Oscars Best Picture Review: Which Were Truly Oscar Worthy?

by Louisa Billingsley, Social Media Manager

The Oscars is the biggest night for film, celebrating the year’s best movies. I’m not much of a cinephile myself, but I decided to watch every movie nominated for best picture to determine whether the winner was truly Oscar-worthy. I put in the twenty one hours and fifty seven minutes so you don’t have to.


Run time: 2h 35m, Rated: PG-13

“Dune,” directed by Denis Villeneuve, is originally a novel written by Frank Herbert. The book is notoriously long and drawn out, and the movie encapsulates that as well. The film follows Paul Atreides, played by Timothee Chalamtet, as he travels to other planets for the greater good of his own, dealing with lots of “Space Politics” and protecting his family. This movie’s cinematography and special effects were terrific. On the other hand, the plot was dragged out and anti-climatic. I definitely felt all two hours and thirty minutes of this movie. I thought Zendaya would have a more significant part in the film, but I was not expecting her five minutes of screen time. The movie felt like watching a three-hour-long perfume commercial, with sprinkled-in plot points. In terms of length and bore, it stays true to the book.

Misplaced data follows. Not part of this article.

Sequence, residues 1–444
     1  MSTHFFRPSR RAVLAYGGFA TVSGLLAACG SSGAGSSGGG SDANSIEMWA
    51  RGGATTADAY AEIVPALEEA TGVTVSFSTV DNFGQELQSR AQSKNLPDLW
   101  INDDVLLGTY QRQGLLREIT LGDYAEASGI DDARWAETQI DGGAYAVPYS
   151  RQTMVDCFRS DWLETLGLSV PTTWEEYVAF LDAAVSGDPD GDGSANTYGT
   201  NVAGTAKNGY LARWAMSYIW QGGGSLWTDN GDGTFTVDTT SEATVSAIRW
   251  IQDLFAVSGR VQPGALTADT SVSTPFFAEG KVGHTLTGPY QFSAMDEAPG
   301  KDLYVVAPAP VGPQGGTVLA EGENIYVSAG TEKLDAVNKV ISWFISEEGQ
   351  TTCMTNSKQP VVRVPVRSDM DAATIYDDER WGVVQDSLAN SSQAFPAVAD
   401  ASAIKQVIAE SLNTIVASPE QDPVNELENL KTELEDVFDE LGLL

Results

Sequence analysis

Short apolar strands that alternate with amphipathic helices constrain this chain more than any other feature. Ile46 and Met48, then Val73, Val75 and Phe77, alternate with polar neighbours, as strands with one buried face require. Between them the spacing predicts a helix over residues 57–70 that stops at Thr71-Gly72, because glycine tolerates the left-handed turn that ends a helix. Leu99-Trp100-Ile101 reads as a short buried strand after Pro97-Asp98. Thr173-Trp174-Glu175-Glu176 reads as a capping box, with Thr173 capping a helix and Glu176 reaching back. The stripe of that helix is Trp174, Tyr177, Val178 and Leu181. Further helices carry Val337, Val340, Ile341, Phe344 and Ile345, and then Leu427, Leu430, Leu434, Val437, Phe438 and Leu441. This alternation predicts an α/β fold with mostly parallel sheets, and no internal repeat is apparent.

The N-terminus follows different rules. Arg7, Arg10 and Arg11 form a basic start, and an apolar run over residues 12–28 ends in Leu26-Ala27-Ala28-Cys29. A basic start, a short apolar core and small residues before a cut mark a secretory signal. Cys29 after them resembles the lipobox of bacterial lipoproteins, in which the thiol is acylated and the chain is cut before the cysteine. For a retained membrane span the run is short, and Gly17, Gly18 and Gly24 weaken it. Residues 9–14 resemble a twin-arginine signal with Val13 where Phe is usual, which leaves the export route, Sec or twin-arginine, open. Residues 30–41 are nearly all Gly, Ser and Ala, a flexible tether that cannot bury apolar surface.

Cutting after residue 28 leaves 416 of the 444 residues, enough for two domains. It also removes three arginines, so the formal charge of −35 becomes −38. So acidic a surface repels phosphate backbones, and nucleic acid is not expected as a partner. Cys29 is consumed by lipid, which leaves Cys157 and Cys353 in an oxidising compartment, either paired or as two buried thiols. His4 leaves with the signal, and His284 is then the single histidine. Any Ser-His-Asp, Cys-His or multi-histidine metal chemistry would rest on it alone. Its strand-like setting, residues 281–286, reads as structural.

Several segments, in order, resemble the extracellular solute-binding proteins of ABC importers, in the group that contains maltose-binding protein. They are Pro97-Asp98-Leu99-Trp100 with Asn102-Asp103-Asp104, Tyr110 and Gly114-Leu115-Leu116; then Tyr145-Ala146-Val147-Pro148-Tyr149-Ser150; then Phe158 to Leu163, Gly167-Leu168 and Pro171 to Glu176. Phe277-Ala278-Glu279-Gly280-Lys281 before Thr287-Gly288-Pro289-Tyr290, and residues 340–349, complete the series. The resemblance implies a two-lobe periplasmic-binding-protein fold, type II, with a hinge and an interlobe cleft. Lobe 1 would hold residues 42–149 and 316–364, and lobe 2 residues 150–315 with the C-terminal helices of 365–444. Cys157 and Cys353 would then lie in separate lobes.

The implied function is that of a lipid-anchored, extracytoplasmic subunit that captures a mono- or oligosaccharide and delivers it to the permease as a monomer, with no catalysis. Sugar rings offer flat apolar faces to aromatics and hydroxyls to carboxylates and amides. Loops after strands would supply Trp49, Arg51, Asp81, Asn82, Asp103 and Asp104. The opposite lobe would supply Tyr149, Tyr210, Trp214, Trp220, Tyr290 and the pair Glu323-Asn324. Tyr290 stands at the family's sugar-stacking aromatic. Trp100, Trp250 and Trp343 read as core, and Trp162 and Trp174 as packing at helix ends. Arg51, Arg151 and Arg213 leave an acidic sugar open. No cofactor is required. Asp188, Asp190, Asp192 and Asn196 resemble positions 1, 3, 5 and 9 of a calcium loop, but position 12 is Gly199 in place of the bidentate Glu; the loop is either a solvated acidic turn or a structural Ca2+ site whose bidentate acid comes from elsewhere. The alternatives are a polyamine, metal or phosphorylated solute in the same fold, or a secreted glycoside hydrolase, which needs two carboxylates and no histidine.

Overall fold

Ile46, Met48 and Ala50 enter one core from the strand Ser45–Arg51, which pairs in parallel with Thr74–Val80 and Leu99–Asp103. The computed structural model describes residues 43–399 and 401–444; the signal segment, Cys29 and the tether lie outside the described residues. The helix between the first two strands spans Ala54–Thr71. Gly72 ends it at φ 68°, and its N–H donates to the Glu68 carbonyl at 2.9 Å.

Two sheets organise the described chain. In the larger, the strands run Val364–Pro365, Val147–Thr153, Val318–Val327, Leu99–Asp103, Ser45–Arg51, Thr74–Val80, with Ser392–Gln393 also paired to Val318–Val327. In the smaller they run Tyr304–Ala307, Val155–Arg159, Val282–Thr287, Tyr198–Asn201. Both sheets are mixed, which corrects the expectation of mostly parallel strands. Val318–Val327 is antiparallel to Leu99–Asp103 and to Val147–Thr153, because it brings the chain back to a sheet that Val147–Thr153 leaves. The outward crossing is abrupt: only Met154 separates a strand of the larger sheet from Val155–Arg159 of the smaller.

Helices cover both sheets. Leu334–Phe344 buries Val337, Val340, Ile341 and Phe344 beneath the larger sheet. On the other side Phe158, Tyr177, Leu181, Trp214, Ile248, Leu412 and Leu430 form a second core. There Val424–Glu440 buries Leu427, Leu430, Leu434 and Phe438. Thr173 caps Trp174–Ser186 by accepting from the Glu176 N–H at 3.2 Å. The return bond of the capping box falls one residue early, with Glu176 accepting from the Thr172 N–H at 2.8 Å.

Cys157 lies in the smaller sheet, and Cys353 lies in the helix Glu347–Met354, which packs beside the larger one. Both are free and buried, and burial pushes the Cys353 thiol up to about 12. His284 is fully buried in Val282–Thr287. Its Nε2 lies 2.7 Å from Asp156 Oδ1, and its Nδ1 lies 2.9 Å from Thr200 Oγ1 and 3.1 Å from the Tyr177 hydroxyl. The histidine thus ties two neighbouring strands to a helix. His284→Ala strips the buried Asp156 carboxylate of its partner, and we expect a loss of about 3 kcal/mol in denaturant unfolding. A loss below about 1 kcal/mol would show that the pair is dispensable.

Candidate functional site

Run time: 1h 38m, Rated: PG-13

This movie follows a young working-class family during religious conflict in Northern Ireland. It’s a true story about the director Kenneth Branagh’s childhood, showing his growing love for cinema and coming-of-age tale. This movie checked a lot of boxes for me including focusing on the small things in life. Jude Hill, who is eleven, gave this movie so much character. The best moments were the simpler moments, the grandson to grandparent’s conversation, and where the most was